Politics

Your Internet Data May Become Available to the Highest Bidder

Internet service providers may soon have the legal ability to sell consumer data to the highest bidder.

Girl on her computer

Taking advantage of the Congressional Review Act process, Republican Sen. Jeff Flake of Arizona introduced legislation on March 7 that would completely remove privacy protections approved the Federal Communications Commission last year. The protections, written into the FCC Rules and Regulations as “Protecting the Privacy of Customers of Broadband and Other Telecommunications Services,” requires internet service providers to confidentially protect customer information.

“The privacy framework in these rules focuses on transparency, choice, and data security, and provides heightened protection for sensitive customer information, consistent with customer expectations,” reads the final FCC rule. It also states that carriers must, “...provide privacy notices that clearly and accurately inform customers; obtain opt-in or opt-out customer approval to use and share sensitive or non-sensitive customer proprietary information.”

"The privacy framework in these rules focuses on transparency, choice, and data security..."

If the bill, S.J.Res 34, passes, telecommunication providers would no longer require customer consent before the company shares or sells customer information, including browsing history and location data.

In a March 1 Wall Street Journal op-ed, Sen. Flake argued that the FCC's rule was too broad, and applied restrictions to that should be reserved for only the most sensitive information to all data. 

“The FCC rules subject all web browsing and app usage data to the same restrictive requirements as sensitive personal information. That means that information generated from looking up the latest Cardinals score or checking the weather in Scottsdale is treated the same as personal health and financial data,” wrote Flake. “The commission’s rules suffocate industry and harm consumers by creating two completely different sets of requirements for different parts of the internet.”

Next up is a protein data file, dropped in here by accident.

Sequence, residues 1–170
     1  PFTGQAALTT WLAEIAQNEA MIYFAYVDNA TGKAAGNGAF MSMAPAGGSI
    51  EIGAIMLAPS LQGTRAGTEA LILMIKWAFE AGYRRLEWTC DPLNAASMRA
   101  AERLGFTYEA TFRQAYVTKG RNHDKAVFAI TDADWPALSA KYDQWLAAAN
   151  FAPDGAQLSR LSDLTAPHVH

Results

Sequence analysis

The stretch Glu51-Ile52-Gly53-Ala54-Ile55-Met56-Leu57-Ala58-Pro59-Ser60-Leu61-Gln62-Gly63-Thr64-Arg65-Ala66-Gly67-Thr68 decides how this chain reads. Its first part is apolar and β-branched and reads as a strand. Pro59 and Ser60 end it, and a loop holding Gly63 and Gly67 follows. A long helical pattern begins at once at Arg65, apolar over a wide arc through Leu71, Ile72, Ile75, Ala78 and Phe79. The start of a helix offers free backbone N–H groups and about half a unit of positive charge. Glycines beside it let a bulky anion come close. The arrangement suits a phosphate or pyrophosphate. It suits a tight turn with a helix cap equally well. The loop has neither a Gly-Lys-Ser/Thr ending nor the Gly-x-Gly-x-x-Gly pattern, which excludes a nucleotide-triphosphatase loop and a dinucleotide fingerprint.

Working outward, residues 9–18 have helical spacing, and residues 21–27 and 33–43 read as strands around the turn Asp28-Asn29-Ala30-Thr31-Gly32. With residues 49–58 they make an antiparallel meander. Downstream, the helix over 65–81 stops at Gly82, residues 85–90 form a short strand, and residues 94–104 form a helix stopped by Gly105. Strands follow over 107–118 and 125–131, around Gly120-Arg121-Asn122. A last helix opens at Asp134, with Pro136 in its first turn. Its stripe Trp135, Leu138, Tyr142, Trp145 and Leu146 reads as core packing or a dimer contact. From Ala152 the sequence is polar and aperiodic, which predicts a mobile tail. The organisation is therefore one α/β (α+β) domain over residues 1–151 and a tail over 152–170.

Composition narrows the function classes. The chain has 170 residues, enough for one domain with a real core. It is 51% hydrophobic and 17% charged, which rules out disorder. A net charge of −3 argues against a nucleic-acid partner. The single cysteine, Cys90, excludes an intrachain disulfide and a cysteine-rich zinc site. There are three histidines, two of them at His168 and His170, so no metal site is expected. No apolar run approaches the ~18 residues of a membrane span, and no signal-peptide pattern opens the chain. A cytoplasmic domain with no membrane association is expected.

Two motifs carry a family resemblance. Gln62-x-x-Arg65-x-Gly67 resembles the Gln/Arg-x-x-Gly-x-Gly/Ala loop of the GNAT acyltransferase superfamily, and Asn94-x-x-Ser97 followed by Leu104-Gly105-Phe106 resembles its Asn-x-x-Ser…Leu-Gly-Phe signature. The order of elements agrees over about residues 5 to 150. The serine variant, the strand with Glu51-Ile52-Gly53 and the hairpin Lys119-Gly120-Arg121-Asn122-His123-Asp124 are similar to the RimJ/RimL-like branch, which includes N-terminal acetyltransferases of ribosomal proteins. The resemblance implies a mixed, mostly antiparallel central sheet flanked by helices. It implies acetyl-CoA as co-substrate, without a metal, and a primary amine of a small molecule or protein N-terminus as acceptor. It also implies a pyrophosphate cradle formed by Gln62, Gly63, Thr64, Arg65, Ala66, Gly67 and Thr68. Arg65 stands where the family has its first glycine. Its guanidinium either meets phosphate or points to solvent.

The Senate bill was co-sponsored by 21 other senators including Texas Sen. Ted Cruz and Florida Sen. Marco Rubio. Rep. Marsha Blackburn of Tennessee introduced a version of the bill to the house the following day. The bill, H.J.Res 86, was co-sponsored by 16 other representatives.

CoSponsors for H.J.Res 86

Opposition comes in the wake of the FCC's 2015 "net neutrality" ruling which, in part, gave the commission authority over internet service providers, a duty that many Republicans argued should have remained in the hands of the Federal Trade Commission. 

“The FTC has been our government’s sole online privacy regulator for over twenty years.  A dual regulatory approach will only serve to create confusion within the Internet eco-system and harm consumers,” Rep. Blackburn wrote in a statement to ATTN:.  “This is a bi-partisan issue, as Democrats have also voiced concerns about the potential for consumer harm resulting from the FCC’s overreach.  We look forward to rolling back these anti-consumer rules and returning jurisdiction to the FTC.”

But some Democrats have also spoken out against the proposed protection rollbacks.

 

 

To critics of the bills, these proposed rollbacks signal a political disregard for online consumer privacy. "With this move, Congress is essentially allowing companies like Comcast, AT&T, and Verizon to sell consumers’ private information to the highest bidder," said ACLU legislative counsel Neema Singh Guliani in a statement. "Members of Congress should not bow down to industry pressure. Consumers have a right to control how these companies use their sensitive data."